Spider-Man scribe Dan Slott took a break from bullying random women on Twitter this week to demonstrate a new an improved way of showing how clownish and immature he could be — he painted anyone who thinks “Peter Parker is a white character who believes ‘With great power comes great responsibility,'” as racist.
This is the man who is Marvel’s ambassador to Spider-Man fans. This is the man who, ideally, would unite Peter Parker fans of all ages. This is the man whose argument (by his own admission) boils down to: “Would you go up to a [non-white child] and say ‘You can’t be Spider-Man’?”
When Dan Slott started this weird conversation Feb. 12, I put it this way:
I understand that it is the essence of a man that is important (e.g., “The Phantom” lives forever as different men who embody his noble spirit), but once you essentially start going down the, “Let’s just arbitrarily make Peter Parker black tomorrow and if you get annoyed, then you’re a racist” road, then that’s where you’ve lost me.
Marvel successfully pulled that off with Nick Fury. That makes sense because he was never a figure with national/world-wide recognition. It’s a different thing when basically the entire world has a vision of what “Peter Parker” looks like and guys like Dan Slott start screwing with it.
It would be like if Nintendo suddenly made Mario and Luigi black and said, “What? What? There are black Italians. What are you, racist?” to people who started rolling their eyes.
Well, no. I’m not racist, Nintendo executives, but I think you’re just taking the racial sensitivity thing to an absurd level.
If someone asked me to describe Blade, one of my “thousand” adjectives used to describe him would be “black.” The same goes for James Rhodes. Or “Robbie” Robertson. Or any number of black characters. But perhaps in Dan Slott’s world, Marvel fans are allowed to describe long-established black characters as black and that doesn’t have an effect of their understanding of the character.
As I said Feb. 14 in the comments section of a previous post (I was hoping Mr Slott wouldn’t continue to belabor this conversation and prompt me to expand it into a full-blown blog post):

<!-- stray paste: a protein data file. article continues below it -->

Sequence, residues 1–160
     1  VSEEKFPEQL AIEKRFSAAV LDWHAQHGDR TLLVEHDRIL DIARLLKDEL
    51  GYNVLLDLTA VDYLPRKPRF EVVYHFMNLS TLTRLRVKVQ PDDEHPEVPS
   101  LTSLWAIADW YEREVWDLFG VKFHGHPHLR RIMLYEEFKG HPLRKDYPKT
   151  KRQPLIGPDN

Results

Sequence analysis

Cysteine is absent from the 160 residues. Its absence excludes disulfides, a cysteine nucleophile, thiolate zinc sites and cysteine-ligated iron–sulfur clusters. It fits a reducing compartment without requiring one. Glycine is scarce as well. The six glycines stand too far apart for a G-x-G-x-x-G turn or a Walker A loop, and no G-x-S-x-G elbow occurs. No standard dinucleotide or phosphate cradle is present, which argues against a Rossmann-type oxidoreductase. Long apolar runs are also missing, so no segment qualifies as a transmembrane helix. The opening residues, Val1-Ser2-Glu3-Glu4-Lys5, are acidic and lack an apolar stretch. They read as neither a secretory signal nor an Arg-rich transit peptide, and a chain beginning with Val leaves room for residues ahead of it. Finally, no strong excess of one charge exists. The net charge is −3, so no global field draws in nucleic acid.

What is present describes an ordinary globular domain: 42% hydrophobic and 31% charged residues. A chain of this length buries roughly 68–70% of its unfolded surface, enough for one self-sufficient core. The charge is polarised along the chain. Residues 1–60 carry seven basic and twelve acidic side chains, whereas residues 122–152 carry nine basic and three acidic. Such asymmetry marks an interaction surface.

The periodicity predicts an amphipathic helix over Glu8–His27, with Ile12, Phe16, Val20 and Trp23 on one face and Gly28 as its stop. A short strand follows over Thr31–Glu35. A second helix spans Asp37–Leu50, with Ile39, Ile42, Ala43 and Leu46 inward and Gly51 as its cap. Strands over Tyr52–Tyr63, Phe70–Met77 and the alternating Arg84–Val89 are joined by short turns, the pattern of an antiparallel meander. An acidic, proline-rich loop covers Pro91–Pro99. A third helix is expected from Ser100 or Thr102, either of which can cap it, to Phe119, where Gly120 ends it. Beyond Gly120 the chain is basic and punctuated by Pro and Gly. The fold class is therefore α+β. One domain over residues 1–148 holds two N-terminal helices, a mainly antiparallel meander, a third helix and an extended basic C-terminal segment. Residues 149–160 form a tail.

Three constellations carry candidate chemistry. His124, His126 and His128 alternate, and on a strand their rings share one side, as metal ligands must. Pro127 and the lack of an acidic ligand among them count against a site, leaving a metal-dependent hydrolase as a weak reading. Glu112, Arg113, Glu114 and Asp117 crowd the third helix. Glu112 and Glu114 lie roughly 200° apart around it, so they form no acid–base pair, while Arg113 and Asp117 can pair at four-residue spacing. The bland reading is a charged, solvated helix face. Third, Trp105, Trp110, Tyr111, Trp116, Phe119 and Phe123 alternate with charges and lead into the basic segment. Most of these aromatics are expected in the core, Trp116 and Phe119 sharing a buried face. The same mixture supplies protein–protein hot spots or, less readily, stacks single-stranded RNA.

I’m not sure if Dan Slott is just a giant troll, or a complete doofus. He starts a conversation that he knows is going to annoy people by insinuating that maybe it might be a good decision to arbitrarily make Peter Parker black or Hispanic or Asian — when generations of people associate Peter Parker with a very specific look — and then he acts incredulous when people start talking about doing the exact same thing to other characters.
If Charles M. Schulz were still alive and he randomly changed Snoopy from a beagle to a golden retriever, would it matter? A dog is a dog, right? Yes, it would matter for many Peanuts fans because the world fell in love with a very specific Snoopy.
I wouldn’t want Marvel randomly making Blade a white guy, and I wouldn’t want Marvel randomly making Peter Parker a black guy. In both instances, it would be a weird editorial move.
Sounds reasonable, right? Not to Dan Slott. Here is how he responds to other reasonable Spider-Man fans (great customer relations, Marvel): “My grandma knew Jim Crow laws. Didn’t make ’em right.”
Some random Peter Parker fan essentially says, “Even my grandma would be able to describe Peter Parker to forensic sketch artist, and he’d be white. That’s pretty iconic. I think it would probably be odd to randomly make Peter Parker black.”
Dan Slott’s reaction is to start talking about Jim Crow laws. Seriously. You, dear reader, are apparently the type of person who would tell a little black child he couldn’t be Spider-Man and you would probably admit to supporting Jim Crow laws if it was just you and Dan Slott drinking alone at the bar one night.
In his never-ending quest to fish for compliments in his Twitter feed while also putting himself up on a gigantic moral pedestal, Dan Slott is now resorting to needless race-baiting conversations with Peter Parker fans. Does it get any worse than this? Why does Marvel let him get away with acting like a petulant man-boy with a penchant for burning bridges? Since when did Marvel decide that its business model for attracting attention to Spider-Man comic books was to hire a writer who invents ways to slime customers?
The ironic thing about all of this is that if Dan Slott were to magically make Peter Parker black tomorrow, then he could very well be fending off racial conspiracy theory charges soon afterward — Peter Parker is a shell of the character he once was thanks to Dan Slott, so making him black at this stage in the game would actually be an insult to race-goggle wearing comic book readers everywhere.
One day a writer will take on Spider-Man who will bring together fans from a variety different backgrounds, ages, and political persuasions. He or she will do it without all the unnecessary antics, and when that happens Dan Slott’s legacy will sink even lower than it already has up to now.
Update: No amount of race-baiting would be complete without Dan Slott referring to “white history months.” This is the man who writes The Amazing Spider-Man, ladies and gentlemen. Pathetic.
Related: Check out Hube’s take over at Colossus of Rhodey.